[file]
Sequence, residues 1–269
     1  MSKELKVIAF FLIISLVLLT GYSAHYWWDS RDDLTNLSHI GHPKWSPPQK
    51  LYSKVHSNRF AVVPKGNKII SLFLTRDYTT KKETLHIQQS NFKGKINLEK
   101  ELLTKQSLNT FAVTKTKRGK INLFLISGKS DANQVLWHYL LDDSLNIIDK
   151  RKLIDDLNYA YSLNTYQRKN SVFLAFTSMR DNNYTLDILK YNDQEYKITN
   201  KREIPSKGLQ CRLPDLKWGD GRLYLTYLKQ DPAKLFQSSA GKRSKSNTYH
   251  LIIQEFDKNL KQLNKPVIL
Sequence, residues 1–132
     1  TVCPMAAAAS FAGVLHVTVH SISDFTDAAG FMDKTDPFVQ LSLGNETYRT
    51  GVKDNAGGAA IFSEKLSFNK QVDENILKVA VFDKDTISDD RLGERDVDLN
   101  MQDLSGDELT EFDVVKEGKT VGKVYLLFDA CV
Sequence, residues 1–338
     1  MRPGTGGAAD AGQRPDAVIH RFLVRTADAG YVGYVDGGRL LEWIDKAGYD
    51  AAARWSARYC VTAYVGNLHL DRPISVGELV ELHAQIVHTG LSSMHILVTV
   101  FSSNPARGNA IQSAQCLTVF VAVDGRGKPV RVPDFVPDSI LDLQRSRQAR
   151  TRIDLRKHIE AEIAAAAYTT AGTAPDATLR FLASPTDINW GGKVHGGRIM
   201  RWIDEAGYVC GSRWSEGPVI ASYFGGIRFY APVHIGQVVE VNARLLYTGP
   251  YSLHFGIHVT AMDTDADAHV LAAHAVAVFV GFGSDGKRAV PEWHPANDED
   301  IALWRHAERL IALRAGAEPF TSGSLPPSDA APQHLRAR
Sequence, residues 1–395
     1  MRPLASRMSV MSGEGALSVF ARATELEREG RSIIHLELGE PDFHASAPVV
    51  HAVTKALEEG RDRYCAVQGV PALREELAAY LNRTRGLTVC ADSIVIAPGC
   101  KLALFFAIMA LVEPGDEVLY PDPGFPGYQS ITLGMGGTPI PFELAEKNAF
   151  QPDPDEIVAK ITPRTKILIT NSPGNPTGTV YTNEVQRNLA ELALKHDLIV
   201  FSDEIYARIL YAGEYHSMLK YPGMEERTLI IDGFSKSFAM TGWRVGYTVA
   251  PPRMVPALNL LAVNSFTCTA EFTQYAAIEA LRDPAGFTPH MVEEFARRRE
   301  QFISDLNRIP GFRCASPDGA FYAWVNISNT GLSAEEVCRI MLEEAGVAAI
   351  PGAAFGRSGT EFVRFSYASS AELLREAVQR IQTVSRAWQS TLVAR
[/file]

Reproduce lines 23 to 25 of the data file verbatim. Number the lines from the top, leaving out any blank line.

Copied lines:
   101  KLALFFAIMA LVEPGDEVLY PDPGFPGYQS ITLGMGGTPI PFELAEKNAF
   151  QPDPDEIVAK ITPRTKILIT NSPGNPTGTV YTNEVQRNLA ELALKHDLIV
   201  FSDEIYARIL YAGEYHSMLK YPGMEERTLI IDGFSKSFAM TGWRVGYTVA